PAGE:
Tents illustrate the stark reality of homelessness

Portsmouth International Port

Lorry driver caught smuggling two women into Portsmouth port

0
Have your say

THIS shocking picture shows the stark reality of homeless people living in tents in Portsmouth city centre.

The group were camped in Commercial Road until the council forced them to move on.

The tents in Lake Road

The tents in Lake Road

Now they have made their home in Lake Road opposite the Painters Arms.

Homelessness charity The Society of St James has engaged with more than 1,000 rough sleepers since November 2016 – providing many with accommodation and counselling for substance misuse.

Jane Smith, operations director, said: ‘We are aware of the people in Commercial Road. One of our aims is to increase our housing stock in Portsmouth so we can offer long-term accommodation to people who have been engaged with the service and are now fully in recovery.’

But some homeless people, like 53-year-old Johnny Charles, say they are happy on the street.

Johnny said: ‘I became homeless when the missus wanted a younger man – I didn’t mind. My lifestyle is banging and I am as free as a bird.’

The camp is part of a growing problem as figures show the number of homeless individuals on the city’s streets has more than doubled in the past six years.

Some residents have been sympathetic towards the group’s presence, while others said it was damaging the city’s reputation.

Taxi driver Lorraine Fooks, 48, who operates from Commercial Road, said: ‘We’ve lost about 50 per cent of our work from this, it’s absolutely dire.’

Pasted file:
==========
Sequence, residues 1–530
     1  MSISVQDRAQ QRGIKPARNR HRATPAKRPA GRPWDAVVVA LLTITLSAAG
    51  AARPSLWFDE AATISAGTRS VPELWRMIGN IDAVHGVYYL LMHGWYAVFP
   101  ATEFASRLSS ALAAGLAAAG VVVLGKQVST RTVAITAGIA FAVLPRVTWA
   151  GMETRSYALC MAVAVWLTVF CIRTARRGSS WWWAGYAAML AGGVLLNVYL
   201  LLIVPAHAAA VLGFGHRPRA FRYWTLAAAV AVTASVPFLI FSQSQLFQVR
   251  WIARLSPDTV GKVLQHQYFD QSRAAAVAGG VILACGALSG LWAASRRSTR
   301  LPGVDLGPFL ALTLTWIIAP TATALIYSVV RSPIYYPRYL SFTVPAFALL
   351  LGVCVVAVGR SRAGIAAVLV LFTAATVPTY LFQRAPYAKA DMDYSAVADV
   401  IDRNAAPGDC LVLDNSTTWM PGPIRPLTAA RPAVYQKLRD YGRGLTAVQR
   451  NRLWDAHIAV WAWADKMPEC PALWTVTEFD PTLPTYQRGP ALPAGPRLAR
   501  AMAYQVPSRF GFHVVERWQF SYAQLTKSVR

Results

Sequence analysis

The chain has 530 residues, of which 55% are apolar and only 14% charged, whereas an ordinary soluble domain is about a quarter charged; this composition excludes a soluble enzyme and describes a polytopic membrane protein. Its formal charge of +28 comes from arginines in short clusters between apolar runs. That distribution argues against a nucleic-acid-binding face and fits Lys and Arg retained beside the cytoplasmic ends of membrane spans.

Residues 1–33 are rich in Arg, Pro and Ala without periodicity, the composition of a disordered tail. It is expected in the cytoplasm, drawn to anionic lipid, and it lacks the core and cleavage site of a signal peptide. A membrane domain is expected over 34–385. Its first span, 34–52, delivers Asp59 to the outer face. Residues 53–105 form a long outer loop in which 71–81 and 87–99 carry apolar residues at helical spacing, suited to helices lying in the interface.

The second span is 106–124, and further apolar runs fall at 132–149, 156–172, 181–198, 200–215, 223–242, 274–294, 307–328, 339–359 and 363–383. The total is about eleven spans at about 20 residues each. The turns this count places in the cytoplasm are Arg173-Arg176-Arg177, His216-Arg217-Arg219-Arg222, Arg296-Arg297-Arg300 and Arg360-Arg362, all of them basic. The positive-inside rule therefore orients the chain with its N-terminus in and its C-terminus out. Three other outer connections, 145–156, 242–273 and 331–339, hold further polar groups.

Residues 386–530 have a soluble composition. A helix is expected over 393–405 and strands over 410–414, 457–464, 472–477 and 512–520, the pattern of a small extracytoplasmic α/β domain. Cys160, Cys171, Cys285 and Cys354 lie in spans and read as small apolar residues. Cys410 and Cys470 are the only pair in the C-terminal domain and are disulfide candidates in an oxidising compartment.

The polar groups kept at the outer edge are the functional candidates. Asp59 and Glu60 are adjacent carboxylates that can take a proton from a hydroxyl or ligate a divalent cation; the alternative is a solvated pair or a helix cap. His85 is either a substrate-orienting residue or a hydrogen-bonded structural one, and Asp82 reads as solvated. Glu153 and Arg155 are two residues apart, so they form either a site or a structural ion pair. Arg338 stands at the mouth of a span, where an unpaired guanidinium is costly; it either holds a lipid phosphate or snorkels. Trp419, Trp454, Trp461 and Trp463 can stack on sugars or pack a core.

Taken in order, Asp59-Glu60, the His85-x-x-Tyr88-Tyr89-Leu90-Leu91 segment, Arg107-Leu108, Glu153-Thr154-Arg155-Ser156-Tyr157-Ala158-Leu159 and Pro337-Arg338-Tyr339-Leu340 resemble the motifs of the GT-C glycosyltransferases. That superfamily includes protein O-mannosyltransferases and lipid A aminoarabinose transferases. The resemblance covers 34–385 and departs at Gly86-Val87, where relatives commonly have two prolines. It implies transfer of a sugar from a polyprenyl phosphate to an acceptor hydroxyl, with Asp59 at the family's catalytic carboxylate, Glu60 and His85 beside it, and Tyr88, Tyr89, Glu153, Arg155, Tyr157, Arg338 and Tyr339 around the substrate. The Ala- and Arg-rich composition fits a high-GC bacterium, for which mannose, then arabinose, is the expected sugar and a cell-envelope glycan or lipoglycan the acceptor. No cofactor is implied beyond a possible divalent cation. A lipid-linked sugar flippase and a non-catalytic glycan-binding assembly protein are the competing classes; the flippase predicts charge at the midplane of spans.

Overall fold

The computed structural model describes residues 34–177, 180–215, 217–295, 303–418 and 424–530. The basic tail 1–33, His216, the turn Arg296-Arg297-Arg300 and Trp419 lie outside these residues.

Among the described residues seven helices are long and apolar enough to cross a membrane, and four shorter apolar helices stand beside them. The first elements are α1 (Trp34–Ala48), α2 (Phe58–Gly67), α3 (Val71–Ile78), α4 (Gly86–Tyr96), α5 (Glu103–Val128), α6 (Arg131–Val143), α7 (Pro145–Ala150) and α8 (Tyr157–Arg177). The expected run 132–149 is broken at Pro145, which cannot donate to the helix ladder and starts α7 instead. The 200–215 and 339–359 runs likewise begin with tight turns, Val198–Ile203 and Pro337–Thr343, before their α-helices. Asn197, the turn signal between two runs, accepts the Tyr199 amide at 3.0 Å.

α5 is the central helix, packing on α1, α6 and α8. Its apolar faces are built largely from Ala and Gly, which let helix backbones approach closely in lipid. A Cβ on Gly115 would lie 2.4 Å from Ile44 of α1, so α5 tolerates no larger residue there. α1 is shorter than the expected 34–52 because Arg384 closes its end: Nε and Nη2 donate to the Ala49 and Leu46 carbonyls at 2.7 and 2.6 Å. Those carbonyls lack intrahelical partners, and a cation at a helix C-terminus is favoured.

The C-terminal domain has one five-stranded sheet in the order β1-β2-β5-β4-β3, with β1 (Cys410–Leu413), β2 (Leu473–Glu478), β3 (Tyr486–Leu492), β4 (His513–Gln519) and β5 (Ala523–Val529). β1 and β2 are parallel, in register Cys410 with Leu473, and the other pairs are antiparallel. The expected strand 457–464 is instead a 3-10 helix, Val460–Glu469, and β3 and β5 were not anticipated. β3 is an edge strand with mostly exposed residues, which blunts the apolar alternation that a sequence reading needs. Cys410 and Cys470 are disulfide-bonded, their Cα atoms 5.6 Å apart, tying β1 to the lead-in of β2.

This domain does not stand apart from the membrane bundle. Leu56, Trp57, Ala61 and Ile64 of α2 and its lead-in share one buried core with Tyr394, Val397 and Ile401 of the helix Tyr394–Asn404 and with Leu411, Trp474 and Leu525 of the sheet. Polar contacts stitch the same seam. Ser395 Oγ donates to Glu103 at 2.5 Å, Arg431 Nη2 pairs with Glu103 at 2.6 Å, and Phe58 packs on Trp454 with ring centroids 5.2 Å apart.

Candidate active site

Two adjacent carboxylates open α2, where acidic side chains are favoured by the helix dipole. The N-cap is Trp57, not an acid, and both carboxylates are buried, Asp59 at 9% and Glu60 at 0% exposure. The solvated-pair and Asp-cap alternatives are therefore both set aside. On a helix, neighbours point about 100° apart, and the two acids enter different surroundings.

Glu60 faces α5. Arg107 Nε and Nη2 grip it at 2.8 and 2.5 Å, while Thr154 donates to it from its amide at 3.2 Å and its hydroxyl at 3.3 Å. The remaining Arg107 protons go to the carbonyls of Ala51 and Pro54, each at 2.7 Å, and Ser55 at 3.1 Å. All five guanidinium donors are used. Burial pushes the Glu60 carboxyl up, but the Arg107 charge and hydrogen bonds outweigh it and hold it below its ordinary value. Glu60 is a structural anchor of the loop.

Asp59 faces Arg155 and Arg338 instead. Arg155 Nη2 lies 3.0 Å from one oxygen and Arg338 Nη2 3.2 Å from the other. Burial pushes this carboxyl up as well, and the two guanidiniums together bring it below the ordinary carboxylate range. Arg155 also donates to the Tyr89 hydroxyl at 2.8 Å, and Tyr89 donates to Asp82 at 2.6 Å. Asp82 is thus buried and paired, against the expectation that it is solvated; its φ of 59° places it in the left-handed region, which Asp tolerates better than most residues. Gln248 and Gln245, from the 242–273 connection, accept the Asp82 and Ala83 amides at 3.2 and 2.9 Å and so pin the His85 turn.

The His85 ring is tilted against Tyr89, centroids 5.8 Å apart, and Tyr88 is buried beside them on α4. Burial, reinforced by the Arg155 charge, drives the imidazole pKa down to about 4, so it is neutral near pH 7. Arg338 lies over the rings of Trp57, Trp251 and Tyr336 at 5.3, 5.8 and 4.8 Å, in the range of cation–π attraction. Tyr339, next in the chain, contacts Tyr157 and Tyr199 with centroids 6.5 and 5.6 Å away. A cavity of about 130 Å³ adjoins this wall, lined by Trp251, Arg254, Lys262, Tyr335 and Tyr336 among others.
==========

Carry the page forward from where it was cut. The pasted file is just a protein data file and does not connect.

While Charisma Webster, 31, owner of nearby firm Vapour Room Portsmouth, said: ‘I think it’s important they’re given the right help. I have sympathy for people in that situation, however it is affecting my business and I just hope the council can help both parties.’

Shopper Carla Seaton, 42, added: ‘If they’re left there, how is that helping the situation for both them or us?’

In response to the debacle, a spokesperson for Portsmouth City Council said: ‘We’re tackling this issue in two ways. We’re working with the people camping there and encouraging them to take up the various services on offer, including housing support.

‘We’re also responding to the concerns of nearby businesses by issuing a notice telling the people in the camp that they must stop obstructing the highway.’

Last year, The News supported the city’s rough sleepers with its Show Them You Care This Christmas campaign.

Readers and local churches rallied together for the effort, which provided meals and gifts for the city’s homeless.

Next mnoth churches will unite to try to tackle homelessness.

Regional scheme Churches Homeless Action will stage an open awareness event at Portsea, allowing visitors to speak to agencies and charities which support the city’s rough sleepers.

Carole Damper, chief executive of The Roberts Centre and Elaine Bastable, housing options manager at Portsmouth City Council, will give keynote addresses, while Portsmouth North MP Penny Mordaunt, Portsmouth South MP Stephen Morgan and Councillor Paul Godier will appear on a panel.

The event, organised by Ms Damper and Revd Canon Bob White, will take place on Saturday, September 23 between 9.30am and 12.30pm at St Mary’s Church, Fratton Road.